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Talking shop with ... Carla Merrill, Ph.D.: a human factors architect with Fujitsu Transaction Solutions discusses the role of touch screen technology in improving customer service and reducing employee training time.

Grocery Headquarters: There has been a great deal of research done by Fujitsu and others regarding the human factors involved in touch screen technology. Can you summarize a few of the main points that are relevant to supermarkets?


Carla Merrill: We know that the touch screen in general is faster and more accurate than using the keyboard. A lot of the research in this area has been done by the military. Human eye-hand coordination is very refined in the area of pointing. With touch screen, users control the surface they interact with, so target acquisition is quick and accurate.

GH: In the highly competitive supermarket environment, grocers are focused on improving the customer experience as a point of differentiation. How can touch screen technology have an impact at the point of sale?

Merrill: For supermarkets, touch screen technology can mean greater speed and accuracy at the checkout, and we know that is important to our customers' customers--the supermarket shopper.

The point-of-sale system facing the cashier certainly has an impact on speed and accuracy, but we're also thinking of other ways to use touch screen technology to enhance the customer experience as well.

For example, a touch screen could benefit shoppers as they wait for a large order to be processed. If they had a touch screen available to them, they could use it to access information such as the number of loyalty points they have accumulated or the items in the order that have received a loyalty discount.

While touch screens can engage customers as they wait in line, they can also improve speed and accuracy. For example, the customer can see the discounts as the items are being rung up, rather than having to stop the cashier to ask if a specific discount had been applied to a particular item.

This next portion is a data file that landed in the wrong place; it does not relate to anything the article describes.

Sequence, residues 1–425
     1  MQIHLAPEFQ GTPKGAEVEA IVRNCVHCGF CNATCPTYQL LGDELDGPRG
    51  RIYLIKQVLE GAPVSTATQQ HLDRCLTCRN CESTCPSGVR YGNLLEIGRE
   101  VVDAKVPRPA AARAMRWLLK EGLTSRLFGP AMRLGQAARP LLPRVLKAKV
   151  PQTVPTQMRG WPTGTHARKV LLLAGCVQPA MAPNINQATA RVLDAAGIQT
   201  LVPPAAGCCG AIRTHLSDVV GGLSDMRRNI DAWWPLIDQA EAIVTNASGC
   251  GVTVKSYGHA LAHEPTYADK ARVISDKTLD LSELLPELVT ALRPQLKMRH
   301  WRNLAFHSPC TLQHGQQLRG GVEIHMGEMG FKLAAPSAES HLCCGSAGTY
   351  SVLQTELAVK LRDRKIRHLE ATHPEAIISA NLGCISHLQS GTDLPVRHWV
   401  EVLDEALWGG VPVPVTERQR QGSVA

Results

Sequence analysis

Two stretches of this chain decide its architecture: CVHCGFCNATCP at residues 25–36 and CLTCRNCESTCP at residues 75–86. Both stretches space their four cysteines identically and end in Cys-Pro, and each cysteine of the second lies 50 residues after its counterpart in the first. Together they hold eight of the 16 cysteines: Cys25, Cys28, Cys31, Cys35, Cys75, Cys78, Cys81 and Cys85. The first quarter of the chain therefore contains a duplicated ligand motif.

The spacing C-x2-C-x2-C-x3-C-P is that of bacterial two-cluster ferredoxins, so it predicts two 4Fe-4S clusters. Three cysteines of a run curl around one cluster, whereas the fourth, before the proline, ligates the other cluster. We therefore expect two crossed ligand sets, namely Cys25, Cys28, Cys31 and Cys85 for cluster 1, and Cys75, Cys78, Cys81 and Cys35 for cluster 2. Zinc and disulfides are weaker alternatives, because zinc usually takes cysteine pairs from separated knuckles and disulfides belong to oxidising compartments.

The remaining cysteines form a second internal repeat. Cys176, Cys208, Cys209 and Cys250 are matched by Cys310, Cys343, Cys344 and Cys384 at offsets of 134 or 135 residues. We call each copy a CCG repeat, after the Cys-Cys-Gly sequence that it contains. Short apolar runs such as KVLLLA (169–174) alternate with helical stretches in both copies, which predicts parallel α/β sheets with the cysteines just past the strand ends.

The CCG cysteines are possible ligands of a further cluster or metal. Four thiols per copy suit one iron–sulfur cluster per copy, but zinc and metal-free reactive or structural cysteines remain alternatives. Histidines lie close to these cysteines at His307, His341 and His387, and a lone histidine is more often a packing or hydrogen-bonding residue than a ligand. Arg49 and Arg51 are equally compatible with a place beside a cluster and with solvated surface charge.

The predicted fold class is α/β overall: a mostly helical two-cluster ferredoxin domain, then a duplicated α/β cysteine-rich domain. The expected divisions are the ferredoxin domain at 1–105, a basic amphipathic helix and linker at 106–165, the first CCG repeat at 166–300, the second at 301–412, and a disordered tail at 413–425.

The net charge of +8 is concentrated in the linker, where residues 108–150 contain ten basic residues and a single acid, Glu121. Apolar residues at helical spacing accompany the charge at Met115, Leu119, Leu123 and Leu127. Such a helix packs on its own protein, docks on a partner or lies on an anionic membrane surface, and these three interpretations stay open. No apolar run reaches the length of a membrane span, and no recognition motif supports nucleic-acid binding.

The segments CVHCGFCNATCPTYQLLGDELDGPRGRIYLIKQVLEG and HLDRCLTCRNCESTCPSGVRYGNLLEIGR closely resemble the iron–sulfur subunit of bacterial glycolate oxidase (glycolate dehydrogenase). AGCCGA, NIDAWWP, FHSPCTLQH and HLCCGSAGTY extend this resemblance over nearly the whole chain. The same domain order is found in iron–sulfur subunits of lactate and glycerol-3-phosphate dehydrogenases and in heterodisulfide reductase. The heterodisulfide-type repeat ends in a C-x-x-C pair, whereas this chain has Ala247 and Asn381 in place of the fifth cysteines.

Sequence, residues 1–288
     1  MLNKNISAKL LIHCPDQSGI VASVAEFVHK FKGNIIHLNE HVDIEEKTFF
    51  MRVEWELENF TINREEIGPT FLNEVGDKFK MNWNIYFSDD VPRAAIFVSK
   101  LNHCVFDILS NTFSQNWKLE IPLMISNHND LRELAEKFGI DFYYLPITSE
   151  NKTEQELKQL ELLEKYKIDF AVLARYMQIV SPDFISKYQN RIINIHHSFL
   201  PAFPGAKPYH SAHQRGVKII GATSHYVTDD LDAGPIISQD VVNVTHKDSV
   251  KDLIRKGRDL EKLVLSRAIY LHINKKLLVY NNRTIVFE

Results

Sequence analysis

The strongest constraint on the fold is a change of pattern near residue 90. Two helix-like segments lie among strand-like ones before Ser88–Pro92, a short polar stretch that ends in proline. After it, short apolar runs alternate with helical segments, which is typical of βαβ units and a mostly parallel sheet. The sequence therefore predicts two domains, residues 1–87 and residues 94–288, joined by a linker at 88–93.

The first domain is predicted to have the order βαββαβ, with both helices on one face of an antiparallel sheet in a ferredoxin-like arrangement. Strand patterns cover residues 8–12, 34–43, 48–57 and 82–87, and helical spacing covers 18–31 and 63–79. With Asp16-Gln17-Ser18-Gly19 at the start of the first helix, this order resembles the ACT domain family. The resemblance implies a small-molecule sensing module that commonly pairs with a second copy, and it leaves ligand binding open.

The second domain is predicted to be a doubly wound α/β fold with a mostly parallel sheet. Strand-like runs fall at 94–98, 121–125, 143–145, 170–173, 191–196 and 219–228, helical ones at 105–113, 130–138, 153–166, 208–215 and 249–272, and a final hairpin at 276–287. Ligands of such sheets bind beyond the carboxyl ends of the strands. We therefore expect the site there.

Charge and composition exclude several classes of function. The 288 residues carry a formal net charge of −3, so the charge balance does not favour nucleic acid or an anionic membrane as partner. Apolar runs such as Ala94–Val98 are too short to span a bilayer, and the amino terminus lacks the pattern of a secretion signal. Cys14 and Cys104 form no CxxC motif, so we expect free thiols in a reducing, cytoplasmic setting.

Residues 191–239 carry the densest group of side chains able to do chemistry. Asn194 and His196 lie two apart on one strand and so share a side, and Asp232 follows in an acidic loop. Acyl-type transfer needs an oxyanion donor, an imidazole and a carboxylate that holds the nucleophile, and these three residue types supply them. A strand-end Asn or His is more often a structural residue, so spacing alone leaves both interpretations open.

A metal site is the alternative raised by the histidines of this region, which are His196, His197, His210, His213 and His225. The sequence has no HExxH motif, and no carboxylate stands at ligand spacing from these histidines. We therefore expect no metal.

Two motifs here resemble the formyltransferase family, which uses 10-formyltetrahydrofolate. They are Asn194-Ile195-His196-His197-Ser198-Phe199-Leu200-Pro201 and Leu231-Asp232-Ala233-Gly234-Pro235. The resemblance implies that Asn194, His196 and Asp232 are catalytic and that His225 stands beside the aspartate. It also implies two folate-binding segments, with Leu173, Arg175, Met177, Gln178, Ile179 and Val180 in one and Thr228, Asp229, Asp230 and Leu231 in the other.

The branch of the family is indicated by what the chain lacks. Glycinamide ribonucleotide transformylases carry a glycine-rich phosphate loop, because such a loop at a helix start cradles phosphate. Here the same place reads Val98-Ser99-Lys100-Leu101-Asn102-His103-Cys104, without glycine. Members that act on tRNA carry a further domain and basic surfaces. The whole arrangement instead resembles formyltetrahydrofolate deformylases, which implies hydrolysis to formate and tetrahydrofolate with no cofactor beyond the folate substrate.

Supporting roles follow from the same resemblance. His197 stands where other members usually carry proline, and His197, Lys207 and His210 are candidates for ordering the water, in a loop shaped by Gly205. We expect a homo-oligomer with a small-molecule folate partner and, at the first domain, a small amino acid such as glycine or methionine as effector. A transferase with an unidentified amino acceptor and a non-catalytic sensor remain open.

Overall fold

We're talking to the supermarkets we work with to find out what types of information would be suitable for this kind of application. One of the things we want to do is find out from store personnel what are some of the basic questions customers ask that can slow the process and look for ways to translate that information to the screen that is visible to the shopper.

GH: Training is another issue that is top of mind for grocers. How can touch screen technology help reduce the time it takes to get new employees up to speed?

Merrill: If you have to read the screen and process that information and then look at the keyboard, it slows the learning process. With the touch screen, we have the ability to keep the user's focus on the screen.

The processing of a WIC purchase is a great example of how touch screen technology can shorten the training time. These types of transactions can be complex and even seasoned cashiers can be unsure if they have processed them properly. At the upcoming FMI show, we'll be showing how we've used touch screen technology to help operators move through this type of transaction quickly and accurately.

Touch screen is also great for produce look ups. Cashiers don't have to turn away from the screen to look at a cheat sheet or guess what type of produce is in front of them, as they can look at the pictures on the screen.

GH: While touch screen technology is currently available, it is going to take some time for grocers to switch over as they replace their POS systems. What is being done to help grocers transition?

Merrill: Providing a smooth transition is very important when it comes to technology, as you can't expect people to take a leap from one paradigm to another. We've been very careful about making our GlobalSTORE POS fully functional with keyboard, touch screen or a combination.

When grocers do roll out touch screens at the point of sale, they can still have a foot in both worlds. This allows operators to get comfortable and they can gradually self teach. When you throw humans into a total technology change, you experience some loss in terms of performance. This way, if cashiers are finding it difficult to perform a certain task with the touch screen and the store is busy, they can switch back if necessary until they are comfortable.

GH: How will grocers adopt touch screen technology going forward?

Merrill: Supermarkets are exploring the idea of putting kiosks throughout the store in areas like the deli and bakery to give customers control of the ordering process. But what if customers could also use this technology to get their grocery lists by touching a screen? We see a number of ways grocers can use touch screens to engage shoppers beyond the checkout lane.
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Author:Zimmermann, Kim Ann
Publication:Grocery Headquarters
Article Type:Interview
Date:Apr 1, 2008
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